Although the terrestrial network of SPAs and SACs in the UK is substantially complete for some species and habitats, significant gaps remain.
There has been little progress in recent years (except in Scotland)For example, the 2001 SPA Review (approved by the government) has yet to be fully implemented, and network coverage for species dependant on man-made habitats is generally poor as classification of these habitats has been resisted.
In addition, the UK marine SPA network remains substantially incomplete and current Government plans offer no significant progress on classification before 2015.
There is no requirement or mechanism for the development of management plans for Natura 2000 sites under UK law or policy. The only exception to this is a mechanism for the development of management plans for ‘European Marine Sites’ (i.e. tidal and sub-tidal components of Natura 2000 sites).
However, while most such sites do have these plans they are not mandatory, are limited in scope to ongoing operations and activities (i.e they do not cover development etc), and generally contain only voluntary measures.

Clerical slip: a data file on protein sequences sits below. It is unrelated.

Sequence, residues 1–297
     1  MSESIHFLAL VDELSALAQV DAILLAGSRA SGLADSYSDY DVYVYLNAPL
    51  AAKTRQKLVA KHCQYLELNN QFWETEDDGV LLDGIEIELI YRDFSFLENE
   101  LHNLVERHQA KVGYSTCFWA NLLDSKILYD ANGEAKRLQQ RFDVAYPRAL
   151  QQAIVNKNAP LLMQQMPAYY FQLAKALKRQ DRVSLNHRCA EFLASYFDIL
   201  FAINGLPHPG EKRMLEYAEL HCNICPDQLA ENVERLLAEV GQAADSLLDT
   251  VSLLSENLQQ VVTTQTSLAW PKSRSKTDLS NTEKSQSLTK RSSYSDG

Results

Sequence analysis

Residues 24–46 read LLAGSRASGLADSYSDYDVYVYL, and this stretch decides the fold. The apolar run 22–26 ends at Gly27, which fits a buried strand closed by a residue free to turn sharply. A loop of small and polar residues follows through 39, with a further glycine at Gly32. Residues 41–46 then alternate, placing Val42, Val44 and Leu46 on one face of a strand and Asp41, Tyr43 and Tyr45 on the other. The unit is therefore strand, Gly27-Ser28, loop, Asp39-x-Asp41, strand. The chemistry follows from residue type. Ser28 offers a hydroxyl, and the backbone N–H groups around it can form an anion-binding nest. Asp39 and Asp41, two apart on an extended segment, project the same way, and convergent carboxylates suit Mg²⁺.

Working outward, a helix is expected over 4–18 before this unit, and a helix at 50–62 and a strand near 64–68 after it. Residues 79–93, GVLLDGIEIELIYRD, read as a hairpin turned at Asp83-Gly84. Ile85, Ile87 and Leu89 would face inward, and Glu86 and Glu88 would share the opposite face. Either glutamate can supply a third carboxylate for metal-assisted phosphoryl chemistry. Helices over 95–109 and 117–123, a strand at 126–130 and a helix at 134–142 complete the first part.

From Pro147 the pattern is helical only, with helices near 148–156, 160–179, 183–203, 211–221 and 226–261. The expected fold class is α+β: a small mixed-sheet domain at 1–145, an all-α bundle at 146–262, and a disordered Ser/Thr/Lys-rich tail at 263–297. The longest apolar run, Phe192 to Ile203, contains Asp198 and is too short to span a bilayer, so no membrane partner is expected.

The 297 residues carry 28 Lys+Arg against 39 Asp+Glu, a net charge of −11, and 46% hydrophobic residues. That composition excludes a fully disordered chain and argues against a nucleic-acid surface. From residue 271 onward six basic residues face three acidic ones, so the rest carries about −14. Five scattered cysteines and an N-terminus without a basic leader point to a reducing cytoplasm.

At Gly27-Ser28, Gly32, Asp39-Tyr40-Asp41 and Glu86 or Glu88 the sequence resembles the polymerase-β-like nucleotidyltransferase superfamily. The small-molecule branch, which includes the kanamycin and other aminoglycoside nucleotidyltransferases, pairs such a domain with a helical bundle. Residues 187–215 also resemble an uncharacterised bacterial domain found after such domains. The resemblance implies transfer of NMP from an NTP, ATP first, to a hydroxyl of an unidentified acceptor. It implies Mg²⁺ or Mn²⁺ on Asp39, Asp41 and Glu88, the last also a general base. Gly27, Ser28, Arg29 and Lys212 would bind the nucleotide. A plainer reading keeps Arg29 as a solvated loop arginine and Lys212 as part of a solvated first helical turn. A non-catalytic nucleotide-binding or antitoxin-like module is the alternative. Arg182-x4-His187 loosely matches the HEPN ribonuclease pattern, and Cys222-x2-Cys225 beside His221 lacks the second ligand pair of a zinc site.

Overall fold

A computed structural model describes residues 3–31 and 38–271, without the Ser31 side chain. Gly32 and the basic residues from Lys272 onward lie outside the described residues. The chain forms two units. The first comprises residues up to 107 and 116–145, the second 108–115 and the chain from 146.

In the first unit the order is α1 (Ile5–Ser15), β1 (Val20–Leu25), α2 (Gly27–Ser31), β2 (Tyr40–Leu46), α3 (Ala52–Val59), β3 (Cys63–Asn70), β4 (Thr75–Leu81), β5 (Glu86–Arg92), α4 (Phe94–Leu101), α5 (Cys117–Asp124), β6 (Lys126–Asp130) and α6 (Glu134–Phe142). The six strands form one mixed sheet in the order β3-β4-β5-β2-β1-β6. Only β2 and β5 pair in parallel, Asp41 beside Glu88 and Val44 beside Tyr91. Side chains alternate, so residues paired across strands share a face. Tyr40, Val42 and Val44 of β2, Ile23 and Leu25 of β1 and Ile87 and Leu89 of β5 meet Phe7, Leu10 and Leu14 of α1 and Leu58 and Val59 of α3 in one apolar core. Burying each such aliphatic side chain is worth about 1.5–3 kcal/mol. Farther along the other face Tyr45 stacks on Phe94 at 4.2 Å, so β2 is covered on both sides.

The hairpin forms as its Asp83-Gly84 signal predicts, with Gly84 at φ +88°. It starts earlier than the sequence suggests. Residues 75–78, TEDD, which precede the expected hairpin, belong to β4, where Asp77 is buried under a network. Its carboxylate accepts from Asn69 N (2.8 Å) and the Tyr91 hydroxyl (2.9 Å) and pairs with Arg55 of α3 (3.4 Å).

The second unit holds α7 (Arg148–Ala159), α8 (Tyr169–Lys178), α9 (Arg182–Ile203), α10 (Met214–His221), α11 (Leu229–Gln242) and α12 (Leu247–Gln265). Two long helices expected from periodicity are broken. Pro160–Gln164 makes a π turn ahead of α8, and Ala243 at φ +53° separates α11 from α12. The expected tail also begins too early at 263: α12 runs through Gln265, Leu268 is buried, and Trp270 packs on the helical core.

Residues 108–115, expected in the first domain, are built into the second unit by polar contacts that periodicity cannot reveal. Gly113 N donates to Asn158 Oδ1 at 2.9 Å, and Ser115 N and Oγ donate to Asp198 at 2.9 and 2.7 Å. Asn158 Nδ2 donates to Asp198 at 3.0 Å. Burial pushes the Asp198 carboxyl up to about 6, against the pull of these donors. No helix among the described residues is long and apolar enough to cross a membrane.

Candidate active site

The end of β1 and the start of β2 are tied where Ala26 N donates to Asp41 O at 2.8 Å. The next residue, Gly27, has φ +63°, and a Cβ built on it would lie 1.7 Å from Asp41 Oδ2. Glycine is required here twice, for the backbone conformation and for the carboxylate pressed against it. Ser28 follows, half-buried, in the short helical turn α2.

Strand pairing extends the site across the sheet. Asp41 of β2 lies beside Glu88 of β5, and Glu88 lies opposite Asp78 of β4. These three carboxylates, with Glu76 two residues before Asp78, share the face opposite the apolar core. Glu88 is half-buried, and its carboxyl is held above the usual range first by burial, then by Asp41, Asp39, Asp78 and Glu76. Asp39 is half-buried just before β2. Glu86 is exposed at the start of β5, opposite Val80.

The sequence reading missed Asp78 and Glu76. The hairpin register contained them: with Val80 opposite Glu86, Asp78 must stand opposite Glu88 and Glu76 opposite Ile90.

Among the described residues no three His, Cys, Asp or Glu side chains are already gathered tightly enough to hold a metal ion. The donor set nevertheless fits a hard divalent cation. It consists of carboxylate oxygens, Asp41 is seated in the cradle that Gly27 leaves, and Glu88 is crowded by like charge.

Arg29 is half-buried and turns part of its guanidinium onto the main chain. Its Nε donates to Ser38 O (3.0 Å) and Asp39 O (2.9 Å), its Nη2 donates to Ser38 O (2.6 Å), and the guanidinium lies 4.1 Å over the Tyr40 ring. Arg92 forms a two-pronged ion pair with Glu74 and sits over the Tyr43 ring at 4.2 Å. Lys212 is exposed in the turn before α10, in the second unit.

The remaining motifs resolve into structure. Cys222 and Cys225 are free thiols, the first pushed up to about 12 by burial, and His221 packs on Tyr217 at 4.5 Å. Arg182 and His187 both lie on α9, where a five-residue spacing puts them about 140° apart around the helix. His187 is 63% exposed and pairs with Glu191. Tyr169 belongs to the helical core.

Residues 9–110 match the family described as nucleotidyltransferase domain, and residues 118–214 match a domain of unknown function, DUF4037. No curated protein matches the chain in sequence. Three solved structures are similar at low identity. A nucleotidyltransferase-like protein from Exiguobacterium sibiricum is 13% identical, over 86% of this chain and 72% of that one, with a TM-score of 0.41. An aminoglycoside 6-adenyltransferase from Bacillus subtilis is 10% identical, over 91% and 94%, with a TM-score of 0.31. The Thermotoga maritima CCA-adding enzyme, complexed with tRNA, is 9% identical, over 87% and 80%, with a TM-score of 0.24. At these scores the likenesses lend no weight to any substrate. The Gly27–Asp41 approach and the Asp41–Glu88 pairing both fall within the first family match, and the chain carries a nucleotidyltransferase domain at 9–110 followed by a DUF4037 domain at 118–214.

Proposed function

For terrestrial sites, agri-environment schemes have been hugely beneficial in promoting positive site management, but future funding could be threatened by the 2014 CAP reform.
The clarity of the framework for site conservation and management is generally poor. Site conservation objectives are generally poor. The approach and delivery of site condition monitoring is inconsistent between UK country administrations.
The vast majority of sites in the UK are funded though rural development funding, although there is no ring-fencing for Natura 2000. Other sources of funding include LIFE, INTERREG and other EU funds, and funds provided by site managers themselves (e.g. RSPB).
Significant gaps in funding still exist, particularly for the scientific work needed to identify potential marine sites, and to track the status of protected species and habitat types outside of Natura 2000 sites.
The Nature Conservation Agencies in Wales and England have submitted proposals for LIFE funding to develop Prioritised Action Frameworks (PAF). Scotland and Northern Ireland have so far not begun work on PAFs.